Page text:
On our voyage we tend not to create expectations of the places to be visited. We only have empty ‘mental’ pages ready to be filled once we visited a place.
This was not the case with Palmerston. After chatting with other cruisers and reading about the place, we had involuntarily built an ideal picture of the place. That was sadly the cause of a great disappointment.
Palmerston is an atoll in the South Seas with a particular history. About half way between French Polynesia and Tonga, and part of the Cook Islands, this isolated atoll was first inhabited around 1850 by a crook Englishman, William Marsters and his three Polynesian wives. Together they planted palm trees, harvested copra and had a total of 21 children.
Palmerston has a curent population of 34 inhabitants, belonging to three families. Everyone on the island is a Marsters. Marriages between family members are not allowed. When the time comes, the young travel to neighbouring islands to look for their other half. All the sectors of the Palmerston atoll are divided in 3 equal parts and all families live on one sector.
Unlike other Cook Islands were the official language is Maori, the official language in Palmerston is English. The island is to a certain extent self governed, with minimal intervention from Rarotonga, the capital island of the Cook Archipelago.
Reading the above, you will have made a vague picture of the place. I would be curious to know what that picture looks like…Because sadly our picture did not correspond with the reality at all.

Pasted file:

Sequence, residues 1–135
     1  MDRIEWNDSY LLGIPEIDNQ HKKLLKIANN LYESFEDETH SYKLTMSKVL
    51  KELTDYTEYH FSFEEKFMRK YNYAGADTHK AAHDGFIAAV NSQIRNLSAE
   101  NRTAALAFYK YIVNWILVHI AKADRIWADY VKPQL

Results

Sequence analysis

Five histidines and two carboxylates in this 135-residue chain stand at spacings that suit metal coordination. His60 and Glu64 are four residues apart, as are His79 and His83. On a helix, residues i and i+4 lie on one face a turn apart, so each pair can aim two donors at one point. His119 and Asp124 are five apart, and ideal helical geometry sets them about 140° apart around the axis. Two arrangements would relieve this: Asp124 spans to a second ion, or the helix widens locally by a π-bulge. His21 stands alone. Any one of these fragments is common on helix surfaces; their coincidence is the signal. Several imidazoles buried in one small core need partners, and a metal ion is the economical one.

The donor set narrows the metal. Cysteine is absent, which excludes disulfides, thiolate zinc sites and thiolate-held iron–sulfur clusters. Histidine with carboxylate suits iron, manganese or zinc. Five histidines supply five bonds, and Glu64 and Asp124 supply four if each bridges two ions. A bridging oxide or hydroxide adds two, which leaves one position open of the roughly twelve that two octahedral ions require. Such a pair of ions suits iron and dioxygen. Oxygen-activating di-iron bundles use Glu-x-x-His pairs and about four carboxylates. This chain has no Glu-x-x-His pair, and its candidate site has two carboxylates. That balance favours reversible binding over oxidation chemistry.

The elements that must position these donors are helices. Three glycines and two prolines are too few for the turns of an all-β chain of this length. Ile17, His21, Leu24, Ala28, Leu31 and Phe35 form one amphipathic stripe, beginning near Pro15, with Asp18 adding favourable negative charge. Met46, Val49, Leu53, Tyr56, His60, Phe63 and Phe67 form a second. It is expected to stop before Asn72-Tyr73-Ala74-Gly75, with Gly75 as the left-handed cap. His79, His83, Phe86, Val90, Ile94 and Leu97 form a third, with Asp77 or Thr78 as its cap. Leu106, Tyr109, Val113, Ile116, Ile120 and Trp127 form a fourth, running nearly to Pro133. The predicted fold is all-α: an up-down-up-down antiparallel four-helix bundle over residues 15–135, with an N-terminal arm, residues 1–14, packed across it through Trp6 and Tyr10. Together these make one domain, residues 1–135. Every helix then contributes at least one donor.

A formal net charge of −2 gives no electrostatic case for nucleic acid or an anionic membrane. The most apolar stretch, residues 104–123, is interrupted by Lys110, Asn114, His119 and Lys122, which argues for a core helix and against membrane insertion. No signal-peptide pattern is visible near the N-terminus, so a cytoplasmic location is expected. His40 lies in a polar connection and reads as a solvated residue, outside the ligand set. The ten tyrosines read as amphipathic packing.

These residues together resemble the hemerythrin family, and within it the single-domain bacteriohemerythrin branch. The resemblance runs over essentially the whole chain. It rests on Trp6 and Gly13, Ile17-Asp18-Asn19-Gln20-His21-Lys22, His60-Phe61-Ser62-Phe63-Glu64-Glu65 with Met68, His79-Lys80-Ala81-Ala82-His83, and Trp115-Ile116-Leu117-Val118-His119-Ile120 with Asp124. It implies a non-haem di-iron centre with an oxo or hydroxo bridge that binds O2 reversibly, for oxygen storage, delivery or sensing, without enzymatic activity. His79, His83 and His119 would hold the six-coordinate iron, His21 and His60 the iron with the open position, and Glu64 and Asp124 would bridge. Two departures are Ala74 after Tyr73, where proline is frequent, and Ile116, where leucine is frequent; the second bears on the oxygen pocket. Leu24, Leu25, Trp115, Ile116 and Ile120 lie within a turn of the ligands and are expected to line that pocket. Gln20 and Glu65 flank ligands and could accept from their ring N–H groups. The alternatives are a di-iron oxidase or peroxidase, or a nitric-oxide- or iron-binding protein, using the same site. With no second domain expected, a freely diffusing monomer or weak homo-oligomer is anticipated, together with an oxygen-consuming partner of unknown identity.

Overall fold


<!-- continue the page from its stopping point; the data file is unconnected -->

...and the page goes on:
Palmerston is undoubtably a beautiful natural spot. The manta ray shaped blue lagoon is surrounded by white sand beaches and a number of independent motus (not linked by ‘hoa’). These are home to a varied vegetation (unlike Ahe in the Tuamotus) and numerous beautiful sea birds. On our way here, just before reaching the motu we were welcomed by puffing whales and whilst snorkelling in the lagoon we bumped into a few sharks.
The atoll does not have an entry. Therefore boats pick up a buoy or anchor off the west coast of the main sector outside of the lagoon. Unless the cruisers have strong RIBs, which is not always the case, it is almost impossible to enter the lagoon with your dinghy, kayak, etc. Therefore the ‘hosting family’ picks cruisers up in the morning, hosts lunch, and drops everyone off in the afternoon.
Because almost all contact with the outside world comes from the cruising boats that stumble in their voyage across the island, traditionally sailors were given a royal welcome here. But, as traditions are set by people they are also broken by people.
Tradition holds that one of the three families, by mutual understanding, will welcome cruisers, show them where to moor (pick up a buoy or anchor), arrange formalities, arrange transportation from the boats to the motu and back, host lunch and show cruisers around the atoll.
We had a disappointing first impression. Eduard, the islander that welcomed us, was not the most helpful person. He tried to charge a fellow cruiser for anchoring, which we had read was free (as opposed to the mooring buoys). The place on the atoll where he landed us in his speed boat looked filthy: – garbage, broken engines, a part of a shipwrecked boat – overall an environmental and visual offence, and definitely not the best first impression…
Eduard showed no interest in sharing the island’s unique history. At contrary, our impression was that he wanted to prevent us, cruisers, from wandering around the atoll and meeting the other families.